8.2.3.2. Incremental Backups

Unlike full backups, incremental backups first look to see whether a file's modification time is more recent than its last backup time. If it is not, the file has not been modified since the last backup and can be skipped this time. On the other hand, if the modification date is more recent than the last backup date, the file has been modified and should be backed up.
Incremental backups are used in conjunction with a regularly-occurring full backup (for example, a weekly full backup, with daily incrementals).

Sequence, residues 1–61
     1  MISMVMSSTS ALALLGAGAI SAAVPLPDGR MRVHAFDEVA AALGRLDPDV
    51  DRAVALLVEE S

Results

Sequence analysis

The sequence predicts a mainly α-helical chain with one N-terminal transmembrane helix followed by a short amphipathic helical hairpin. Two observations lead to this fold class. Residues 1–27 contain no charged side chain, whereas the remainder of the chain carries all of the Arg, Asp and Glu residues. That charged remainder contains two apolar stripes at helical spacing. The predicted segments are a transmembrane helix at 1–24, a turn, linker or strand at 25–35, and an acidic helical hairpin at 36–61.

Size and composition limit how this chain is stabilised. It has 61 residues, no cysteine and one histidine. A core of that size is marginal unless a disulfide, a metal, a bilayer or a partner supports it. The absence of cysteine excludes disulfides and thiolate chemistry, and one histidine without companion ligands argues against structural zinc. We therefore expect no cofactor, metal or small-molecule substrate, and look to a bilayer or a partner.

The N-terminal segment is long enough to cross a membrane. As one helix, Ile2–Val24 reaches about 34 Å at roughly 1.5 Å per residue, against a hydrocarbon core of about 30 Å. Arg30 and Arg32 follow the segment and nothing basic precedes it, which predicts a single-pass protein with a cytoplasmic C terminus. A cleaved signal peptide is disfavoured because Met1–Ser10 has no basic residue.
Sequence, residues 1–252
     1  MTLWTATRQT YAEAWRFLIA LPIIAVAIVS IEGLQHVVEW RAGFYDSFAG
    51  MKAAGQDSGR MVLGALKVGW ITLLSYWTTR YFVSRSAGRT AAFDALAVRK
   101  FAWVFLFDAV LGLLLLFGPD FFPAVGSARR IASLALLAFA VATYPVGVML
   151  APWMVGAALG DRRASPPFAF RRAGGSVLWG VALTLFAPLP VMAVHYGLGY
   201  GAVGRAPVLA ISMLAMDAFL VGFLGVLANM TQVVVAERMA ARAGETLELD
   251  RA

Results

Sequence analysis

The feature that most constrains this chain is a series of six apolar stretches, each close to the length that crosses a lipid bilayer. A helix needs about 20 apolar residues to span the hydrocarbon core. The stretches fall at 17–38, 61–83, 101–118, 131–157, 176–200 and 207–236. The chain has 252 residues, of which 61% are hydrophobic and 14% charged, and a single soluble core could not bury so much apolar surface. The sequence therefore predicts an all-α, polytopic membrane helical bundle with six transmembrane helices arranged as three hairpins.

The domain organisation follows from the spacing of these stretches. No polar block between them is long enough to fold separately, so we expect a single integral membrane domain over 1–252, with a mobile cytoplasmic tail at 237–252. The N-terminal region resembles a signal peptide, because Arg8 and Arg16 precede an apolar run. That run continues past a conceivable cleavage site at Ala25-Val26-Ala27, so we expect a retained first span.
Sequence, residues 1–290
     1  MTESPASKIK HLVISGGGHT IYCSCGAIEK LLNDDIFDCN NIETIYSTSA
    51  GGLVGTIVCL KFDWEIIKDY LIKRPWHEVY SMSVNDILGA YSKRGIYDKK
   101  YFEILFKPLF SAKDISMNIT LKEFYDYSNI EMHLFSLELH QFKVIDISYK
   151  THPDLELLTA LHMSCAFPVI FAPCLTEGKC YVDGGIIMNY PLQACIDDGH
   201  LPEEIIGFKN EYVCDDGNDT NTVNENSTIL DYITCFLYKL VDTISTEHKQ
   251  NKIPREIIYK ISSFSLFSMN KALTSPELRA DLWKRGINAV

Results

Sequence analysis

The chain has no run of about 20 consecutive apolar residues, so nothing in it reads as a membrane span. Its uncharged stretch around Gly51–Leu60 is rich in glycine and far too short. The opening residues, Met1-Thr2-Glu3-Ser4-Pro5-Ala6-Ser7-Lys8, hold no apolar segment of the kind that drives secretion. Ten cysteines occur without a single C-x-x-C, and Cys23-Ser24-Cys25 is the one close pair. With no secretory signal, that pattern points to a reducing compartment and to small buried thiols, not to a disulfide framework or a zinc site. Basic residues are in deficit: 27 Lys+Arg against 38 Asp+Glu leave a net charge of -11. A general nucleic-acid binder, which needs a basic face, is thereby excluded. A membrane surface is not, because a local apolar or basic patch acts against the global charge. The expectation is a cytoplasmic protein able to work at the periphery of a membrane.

The primary advantage gained by using incremental backups is that the incremental backups run more quickly than full backups. The primary disadvantage to incremental backups is that restoring any given file may mean going through one or more incremental backups until the file is found. When restoring a complete file system, it is necessary to restore the last full backup and every subsequent incremental backup.
In an attempt to alleviate the need to go through every incremental backup, a slightly different approach was implemented. This is known as the differential backup.